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Welcome to the first of a four-part blog and podcast series examining each of the four barriers to speed combated by Zipp's Total System Efficiency (TSE) wheel design: Wind Resistance, Rolling Resistance, Gravity (weight), and Vibration Loss. 

Each episode features a different Zipp engineer discussing one of these barriers to speed. First, Zipp Senior Design Engineer John Leachman discusses the importance of wind resistance. John oversees Zipp's wind-tunnel research and is an avid triathlete and runner.


The Zippcast · In depth on TSE: Wind Resistence, Part 1

Zipp's Solution to Overcoming Wind Resistance

Zipp's longtime forte is taming wind resistance through gains in aerodynamic efficiency and crosswind stability. In modern road bikes, disc brakes improve stopping power, but they also help you increase speed. The absence of rim-brake calipers allows for a wider rim profile with a smoother tire-to-rim interface for optimum aero performance with larger tires that provide a net gain inefficiency. Below are edited excerpts from our conversation with John on Zipp's approach to gains in aerodynamic efficiency:

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The Challenge of Overcoming the Wind

"As you move forward, air molecules will be pushing you backward. If you want your velocity to double, it will take four times the energy to resist those molecules. That's important to remember when you look at anything with aerodynamics."

How wind affects cyclist
"As you ride down the road, you have the yaw angle. That is the effect of the wind's force being applied to you. If it's a straight head-on wind, that's straightforward. You feel it just pushing you back. As the yaw angle deviates from zero—head on would be zero degrees—you start to feel the effect of side stability."
The goal is to Slice through the Wind
"Rim shape plays an important role. You want that wind to stay attached and reattach as it goes around the wheel at given yaw angles. When we get in the tunnel, we can see that in our data plots. As the yaw angle increases, depending on the shape, you see a point at which that stalls. Your drag goes up significantly. You want to slice through the wind. You want the air just to be smooth. It comes in, goes back around the wheel on the backside, and reattaches."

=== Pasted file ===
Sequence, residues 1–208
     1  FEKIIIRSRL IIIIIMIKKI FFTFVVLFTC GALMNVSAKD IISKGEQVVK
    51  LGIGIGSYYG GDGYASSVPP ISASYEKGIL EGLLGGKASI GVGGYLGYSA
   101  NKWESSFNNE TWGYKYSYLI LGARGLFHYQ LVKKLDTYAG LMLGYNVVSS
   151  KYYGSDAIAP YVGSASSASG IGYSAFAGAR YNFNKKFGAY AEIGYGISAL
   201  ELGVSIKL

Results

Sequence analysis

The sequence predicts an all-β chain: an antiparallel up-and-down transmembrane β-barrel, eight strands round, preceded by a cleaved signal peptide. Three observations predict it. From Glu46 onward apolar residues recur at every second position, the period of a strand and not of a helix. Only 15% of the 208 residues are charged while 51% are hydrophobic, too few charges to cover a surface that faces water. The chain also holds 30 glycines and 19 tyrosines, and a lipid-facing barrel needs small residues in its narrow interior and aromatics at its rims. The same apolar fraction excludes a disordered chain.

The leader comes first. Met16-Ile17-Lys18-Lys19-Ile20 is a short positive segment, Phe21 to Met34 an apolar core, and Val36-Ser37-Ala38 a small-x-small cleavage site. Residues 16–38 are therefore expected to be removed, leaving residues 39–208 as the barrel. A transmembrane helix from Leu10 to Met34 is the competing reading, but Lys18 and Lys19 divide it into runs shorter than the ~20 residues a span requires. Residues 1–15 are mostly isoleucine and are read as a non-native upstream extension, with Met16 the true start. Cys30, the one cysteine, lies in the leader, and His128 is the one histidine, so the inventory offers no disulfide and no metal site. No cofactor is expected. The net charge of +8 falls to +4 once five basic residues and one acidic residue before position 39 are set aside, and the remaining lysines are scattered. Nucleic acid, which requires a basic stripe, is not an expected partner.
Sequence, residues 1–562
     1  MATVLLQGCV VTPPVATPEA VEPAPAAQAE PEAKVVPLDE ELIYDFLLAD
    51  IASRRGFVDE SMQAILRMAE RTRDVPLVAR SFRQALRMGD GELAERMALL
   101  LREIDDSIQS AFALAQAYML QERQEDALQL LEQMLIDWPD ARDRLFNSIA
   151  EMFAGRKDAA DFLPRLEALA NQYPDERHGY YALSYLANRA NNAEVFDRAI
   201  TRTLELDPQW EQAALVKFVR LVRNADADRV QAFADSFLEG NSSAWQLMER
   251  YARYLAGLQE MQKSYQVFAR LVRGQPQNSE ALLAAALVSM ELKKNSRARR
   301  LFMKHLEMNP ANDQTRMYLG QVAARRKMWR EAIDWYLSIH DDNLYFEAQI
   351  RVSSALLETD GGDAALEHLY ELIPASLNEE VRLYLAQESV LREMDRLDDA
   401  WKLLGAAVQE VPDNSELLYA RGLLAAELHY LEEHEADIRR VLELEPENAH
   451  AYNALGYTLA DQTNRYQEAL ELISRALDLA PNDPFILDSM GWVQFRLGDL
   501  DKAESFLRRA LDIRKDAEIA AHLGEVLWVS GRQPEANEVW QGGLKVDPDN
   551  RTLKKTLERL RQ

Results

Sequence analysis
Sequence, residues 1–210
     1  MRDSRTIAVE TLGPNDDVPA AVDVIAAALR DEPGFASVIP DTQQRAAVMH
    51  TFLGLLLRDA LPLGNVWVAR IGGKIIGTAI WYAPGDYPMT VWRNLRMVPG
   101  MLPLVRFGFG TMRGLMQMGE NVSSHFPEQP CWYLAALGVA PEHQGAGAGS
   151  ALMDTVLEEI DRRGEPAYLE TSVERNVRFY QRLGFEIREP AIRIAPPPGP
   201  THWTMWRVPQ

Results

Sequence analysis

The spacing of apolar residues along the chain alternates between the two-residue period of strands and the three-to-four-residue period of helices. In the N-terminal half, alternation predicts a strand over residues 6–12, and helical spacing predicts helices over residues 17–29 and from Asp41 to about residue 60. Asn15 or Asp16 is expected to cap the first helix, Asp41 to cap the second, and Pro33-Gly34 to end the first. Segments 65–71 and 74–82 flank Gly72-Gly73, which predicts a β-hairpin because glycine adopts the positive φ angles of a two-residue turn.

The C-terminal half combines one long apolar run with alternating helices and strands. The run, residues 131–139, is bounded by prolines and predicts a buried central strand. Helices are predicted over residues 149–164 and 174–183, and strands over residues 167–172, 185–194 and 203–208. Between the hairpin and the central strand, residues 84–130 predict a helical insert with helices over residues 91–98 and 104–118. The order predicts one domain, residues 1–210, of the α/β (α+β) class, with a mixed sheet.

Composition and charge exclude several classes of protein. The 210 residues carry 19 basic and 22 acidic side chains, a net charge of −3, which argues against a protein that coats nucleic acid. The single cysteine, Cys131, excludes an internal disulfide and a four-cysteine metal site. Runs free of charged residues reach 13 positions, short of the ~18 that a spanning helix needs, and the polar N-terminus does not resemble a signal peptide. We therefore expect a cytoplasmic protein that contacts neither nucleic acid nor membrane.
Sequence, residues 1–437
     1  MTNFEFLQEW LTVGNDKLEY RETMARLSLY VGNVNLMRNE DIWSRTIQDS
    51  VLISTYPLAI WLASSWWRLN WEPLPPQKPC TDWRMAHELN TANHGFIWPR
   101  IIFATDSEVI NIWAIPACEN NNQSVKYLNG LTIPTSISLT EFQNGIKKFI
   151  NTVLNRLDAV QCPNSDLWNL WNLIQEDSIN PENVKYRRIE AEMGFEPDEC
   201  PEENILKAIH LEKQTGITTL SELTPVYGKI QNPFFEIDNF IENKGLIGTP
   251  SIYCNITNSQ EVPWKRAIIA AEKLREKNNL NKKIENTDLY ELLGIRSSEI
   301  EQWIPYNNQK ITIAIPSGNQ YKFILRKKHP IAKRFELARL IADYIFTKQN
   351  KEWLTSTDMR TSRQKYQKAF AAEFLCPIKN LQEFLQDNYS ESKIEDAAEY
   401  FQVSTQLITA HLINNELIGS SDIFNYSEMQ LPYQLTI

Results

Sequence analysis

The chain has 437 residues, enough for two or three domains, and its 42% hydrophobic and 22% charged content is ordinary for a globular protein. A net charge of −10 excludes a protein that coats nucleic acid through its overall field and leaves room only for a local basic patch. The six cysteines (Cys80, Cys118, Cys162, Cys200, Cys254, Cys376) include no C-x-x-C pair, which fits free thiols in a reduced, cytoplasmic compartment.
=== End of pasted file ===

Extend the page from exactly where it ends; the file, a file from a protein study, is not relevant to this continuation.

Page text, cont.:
"Two sides of the wheel are affected by the wind. You have the leading edge, the front of the wheel, and the back side of the wheel—the other side of the hub. The more rounded blunt-shaped rim helps the airflow around, reattach, and then slice through that wind. You want to keep that air laminar."

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Finding Aero Gains

"We've got to 20 spoke holes on the 808 Firecrest and 858 NSW wheels now. We did see a gain from going from 24-hole to 20-hole. We have the dimple pattern that we've continued to evolve. More importantly, the shape of the wheel-to-tire interface, there's an (air) pocket there. As everything has gone to hookless, we're able to have a smoother interface from the tire to the rim profile. The smoother that can be, the less drag and effect there is on the rider."

"Road wheel development It is the first thing to see the air. We must have a good interface between the wheel in the tire to allow that air to come in and slice through the air, reattach as it approaches the rest of the bike and the rider."

Advantages of Using Indy's ARC Wind Tunnel

"Traveling to the coasts to wind tunnels is a big ordeal. You are not just getting there, but you have all the components and tests and a limited timeframe. Now, we have the ARC Wind Tunnel just up the road. We still plan days out there, but we're learning that we can streamline that a little and go back on a whim and take the samples we need to take. If we see some data and want to make some tweaks, it's easier to make those adjustments and go back a month later and get that new data. We can do those iterations quicker and more strategically than trying to guess."

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Just One Component of TSE

"Taking that wind tunnel data, applying that, seeing how we can minimize the drag to the rider on the bike, all disciplines, and then taking that design to the RollingRoad inside our facility, for the other components of TSE. We can't just focus on one part because we're leaving stones unturned in other areas."

Photos by Jake Rytlewski